At C Tech Corporation, we provide you with Termirepel™ which is an insect aversive repellent. Termirepel™ is manufactured on the basis of green technology. It is extremely low toxic, non-hazardous, non-mutagenic and non-carcinogenic anti-insect aversive. Also, it is durable under extreme climatic conditions such as changes in temperature, rainfall, water pressure, etc.

Our product is ROHS, ROHS2, RoHS3, EU BPR, APVMA, NEA compliant and FIFRA exempted. Our product will not kill the targeted as well as non-targeted species but only repel which helps in maintaining the ecological balance of the earth.

Our product works on the mechanism of repellency. It temporarily inhibits the mating cycle of the insects. The product impairs the ability of the insects to reproduce, that is the insects will not lay eggs or the laid eggs will be infertile. The product causes feeding disruption in an insect by triggering an unpleasant reaction within the insect which might try to feed on the application. The product temporarily blocks the reproduction system of the insects by hindering the release of the vital hormones for growth.

Termirepel™ is available in three basic forms: Masterbatch, liquid concentrate, and lacquer.

Termirepel™ Masterbatch is specially made for polymeric applications and used as additives in their processing time. It can be incorporated into the polymeric applications like the agricultural films and mulches, irrigation pipes, tree guards, greenhouse films etc. used for crop cultivation purpose. The product can be incorporated into the cables, and other applications used for agriculture.

Termirepel™ liquid concentrate is to be mixed in paints in pre-determined proportion and can be applied on the concrete fences around farms. It can be used on the interior and exterior of storehouses used to store food grains and other agricultural produce.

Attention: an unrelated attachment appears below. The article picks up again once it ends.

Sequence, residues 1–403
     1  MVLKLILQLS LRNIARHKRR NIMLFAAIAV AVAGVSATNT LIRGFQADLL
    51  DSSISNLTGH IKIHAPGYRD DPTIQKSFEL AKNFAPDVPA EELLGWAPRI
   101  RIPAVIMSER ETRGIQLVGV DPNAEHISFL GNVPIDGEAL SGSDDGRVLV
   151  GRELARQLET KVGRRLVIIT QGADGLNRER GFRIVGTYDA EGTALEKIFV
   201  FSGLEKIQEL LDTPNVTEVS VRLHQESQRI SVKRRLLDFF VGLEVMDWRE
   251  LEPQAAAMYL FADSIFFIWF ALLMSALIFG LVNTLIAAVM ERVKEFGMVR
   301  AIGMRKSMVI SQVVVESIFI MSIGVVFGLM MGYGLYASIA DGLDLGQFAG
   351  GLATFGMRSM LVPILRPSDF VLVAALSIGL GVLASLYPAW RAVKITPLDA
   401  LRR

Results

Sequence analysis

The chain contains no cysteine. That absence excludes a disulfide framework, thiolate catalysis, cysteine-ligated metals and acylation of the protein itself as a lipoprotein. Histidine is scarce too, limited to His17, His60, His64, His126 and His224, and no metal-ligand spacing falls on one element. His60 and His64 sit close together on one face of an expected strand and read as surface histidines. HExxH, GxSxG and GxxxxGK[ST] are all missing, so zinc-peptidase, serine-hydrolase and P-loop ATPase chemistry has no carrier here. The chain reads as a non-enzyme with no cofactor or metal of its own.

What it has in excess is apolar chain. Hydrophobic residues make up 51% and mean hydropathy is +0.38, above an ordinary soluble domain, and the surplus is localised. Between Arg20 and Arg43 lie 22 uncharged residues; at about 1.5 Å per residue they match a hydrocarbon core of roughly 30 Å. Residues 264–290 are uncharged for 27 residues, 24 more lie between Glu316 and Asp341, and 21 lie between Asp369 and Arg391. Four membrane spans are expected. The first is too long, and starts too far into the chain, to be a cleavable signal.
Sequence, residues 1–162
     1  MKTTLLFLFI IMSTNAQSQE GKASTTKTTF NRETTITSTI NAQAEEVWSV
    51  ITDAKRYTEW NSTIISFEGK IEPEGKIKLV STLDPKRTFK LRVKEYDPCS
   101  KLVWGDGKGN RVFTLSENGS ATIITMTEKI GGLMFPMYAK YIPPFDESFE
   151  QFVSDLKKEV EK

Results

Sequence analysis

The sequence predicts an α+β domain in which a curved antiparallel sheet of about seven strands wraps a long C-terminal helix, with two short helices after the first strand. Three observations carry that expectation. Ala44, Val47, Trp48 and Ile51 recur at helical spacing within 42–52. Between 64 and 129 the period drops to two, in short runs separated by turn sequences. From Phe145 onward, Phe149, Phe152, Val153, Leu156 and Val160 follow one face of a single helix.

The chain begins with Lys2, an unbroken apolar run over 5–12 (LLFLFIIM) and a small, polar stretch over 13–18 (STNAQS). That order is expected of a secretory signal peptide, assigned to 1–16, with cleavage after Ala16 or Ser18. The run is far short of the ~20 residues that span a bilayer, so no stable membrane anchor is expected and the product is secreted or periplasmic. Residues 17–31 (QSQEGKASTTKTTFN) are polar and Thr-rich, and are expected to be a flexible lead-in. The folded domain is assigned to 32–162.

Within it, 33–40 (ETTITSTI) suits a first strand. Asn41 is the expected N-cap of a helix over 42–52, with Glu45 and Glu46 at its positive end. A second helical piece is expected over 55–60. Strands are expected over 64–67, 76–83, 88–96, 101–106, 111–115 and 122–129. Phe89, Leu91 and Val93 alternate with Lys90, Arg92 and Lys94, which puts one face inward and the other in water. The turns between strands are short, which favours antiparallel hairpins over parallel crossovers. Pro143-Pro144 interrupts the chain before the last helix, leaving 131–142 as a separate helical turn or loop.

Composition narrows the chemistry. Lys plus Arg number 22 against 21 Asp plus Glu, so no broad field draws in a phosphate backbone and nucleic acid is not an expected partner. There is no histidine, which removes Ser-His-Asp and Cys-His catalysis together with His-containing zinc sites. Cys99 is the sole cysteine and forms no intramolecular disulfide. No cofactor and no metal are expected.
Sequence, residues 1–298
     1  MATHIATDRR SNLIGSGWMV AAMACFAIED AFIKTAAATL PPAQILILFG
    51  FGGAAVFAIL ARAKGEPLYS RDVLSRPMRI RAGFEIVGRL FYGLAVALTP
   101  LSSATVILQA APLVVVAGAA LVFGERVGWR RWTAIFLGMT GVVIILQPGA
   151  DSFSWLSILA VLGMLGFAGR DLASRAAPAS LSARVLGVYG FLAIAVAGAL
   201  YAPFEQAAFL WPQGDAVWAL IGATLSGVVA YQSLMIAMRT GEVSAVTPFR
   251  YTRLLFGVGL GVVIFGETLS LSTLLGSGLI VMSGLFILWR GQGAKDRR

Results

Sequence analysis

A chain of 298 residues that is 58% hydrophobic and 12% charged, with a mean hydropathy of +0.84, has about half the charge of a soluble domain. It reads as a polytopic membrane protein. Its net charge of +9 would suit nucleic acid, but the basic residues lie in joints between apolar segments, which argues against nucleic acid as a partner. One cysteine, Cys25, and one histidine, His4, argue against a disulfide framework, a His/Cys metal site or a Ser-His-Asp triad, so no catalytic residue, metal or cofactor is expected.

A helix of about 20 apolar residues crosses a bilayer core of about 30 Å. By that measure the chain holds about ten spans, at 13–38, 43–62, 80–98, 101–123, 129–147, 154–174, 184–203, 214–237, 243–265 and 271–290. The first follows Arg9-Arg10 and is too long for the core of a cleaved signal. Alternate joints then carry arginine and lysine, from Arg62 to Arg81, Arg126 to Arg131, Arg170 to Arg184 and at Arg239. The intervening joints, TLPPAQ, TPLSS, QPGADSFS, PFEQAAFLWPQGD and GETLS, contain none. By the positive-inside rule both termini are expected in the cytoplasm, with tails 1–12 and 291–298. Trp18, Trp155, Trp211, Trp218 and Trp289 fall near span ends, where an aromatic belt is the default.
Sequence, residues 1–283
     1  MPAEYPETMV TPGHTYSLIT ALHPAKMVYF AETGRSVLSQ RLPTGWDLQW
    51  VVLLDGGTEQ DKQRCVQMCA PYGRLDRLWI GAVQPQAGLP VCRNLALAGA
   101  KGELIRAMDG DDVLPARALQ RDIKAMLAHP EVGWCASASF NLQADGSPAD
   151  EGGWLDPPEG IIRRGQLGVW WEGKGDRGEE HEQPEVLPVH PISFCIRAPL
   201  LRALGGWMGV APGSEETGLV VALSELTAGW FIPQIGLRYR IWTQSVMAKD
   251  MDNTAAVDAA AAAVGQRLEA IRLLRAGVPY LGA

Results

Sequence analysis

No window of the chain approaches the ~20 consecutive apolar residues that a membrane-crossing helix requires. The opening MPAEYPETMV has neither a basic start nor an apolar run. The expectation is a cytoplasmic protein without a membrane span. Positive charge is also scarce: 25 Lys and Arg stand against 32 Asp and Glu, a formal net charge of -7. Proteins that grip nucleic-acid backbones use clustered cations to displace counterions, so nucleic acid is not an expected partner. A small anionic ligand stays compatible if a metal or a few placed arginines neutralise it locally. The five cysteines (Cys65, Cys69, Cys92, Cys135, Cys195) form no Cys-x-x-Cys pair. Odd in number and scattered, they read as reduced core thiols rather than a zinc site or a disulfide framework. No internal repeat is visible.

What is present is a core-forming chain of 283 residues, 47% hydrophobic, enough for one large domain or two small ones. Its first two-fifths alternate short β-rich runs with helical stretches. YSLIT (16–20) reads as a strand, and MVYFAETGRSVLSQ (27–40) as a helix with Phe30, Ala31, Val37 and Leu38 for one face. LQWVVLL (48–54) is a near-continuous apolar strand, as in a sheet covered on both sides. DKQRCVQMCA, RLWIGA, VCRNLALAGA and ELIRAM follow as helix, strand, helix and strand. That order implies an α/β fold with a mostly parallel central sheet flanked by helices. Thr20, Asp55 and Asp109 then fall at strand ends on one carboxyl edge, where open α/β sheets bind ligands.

Termirepel™ lacquer can be directly applied to the applications such as wooden fences, already installed pipes, wires, cables, etc.

The repelling mechanism of the product would debar the worm and other insects that could damage the crops. Thus Termirepel™ is the best protection against these invasive fall armyworms.

Contact us at technical.martketing@ctechcorporation.com to get best solutions on pest nuisance

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The fruitfly Menace

If you have been seeing small flies or gnats in your kitchen, they’re probably fruit flies. These pesky pests can be found throughout the world, in homes, gardens, warehouse, grocery stores, wineries, restaurants, etc. They are readily attached to any number of materials, especially that of moisture. Fruit flies can be a problem year round but are especially common during late summer/fall because they are attracted to ripened or fermenting fruits and vegetables.

But they also will breed in drains, garbage disposals, empty bottles and cans, trash containers, mops and cleaning rags. Hence, they also cause various bacterial diseases.

Fruit flies damage the larger proportion of agricultural production and even to crops grown in the gardens which are susceptible to attack by fruitflies. Commercial producers spend hundreds of millions of dollars on control measures and also suffered production losses.

Tomatoes, melons, mangoes, squash, grapes and other perishable items are often the cause of an infestation. Fruit flies are also attracted to rotting bananas, potatoes, onions and other products.

You see, when the fruit is overripe or starts to go bad it begins to ferment, producing alcohol, which attracts fruit flies. They continue to gobble up the fermenting fruit, and in the process, lay hundreds of eggs which hatch into larvae in mere hours.

Female fruit fly lay their eggs into healthy, ripening fruit on the tree. Fruit flies lay their eggs up to 500 at a time! When the larvae hatch, they feed on the moist surface too.  The entire life cycle from egg to adult takes only about eight to ten days so they proliferate with great rapidity.

Although fruit flies don’t bite humans (they actually don’t have any teeth), many people are allergic to the bacteria they carry, resulting in tiny red bumps on the skin.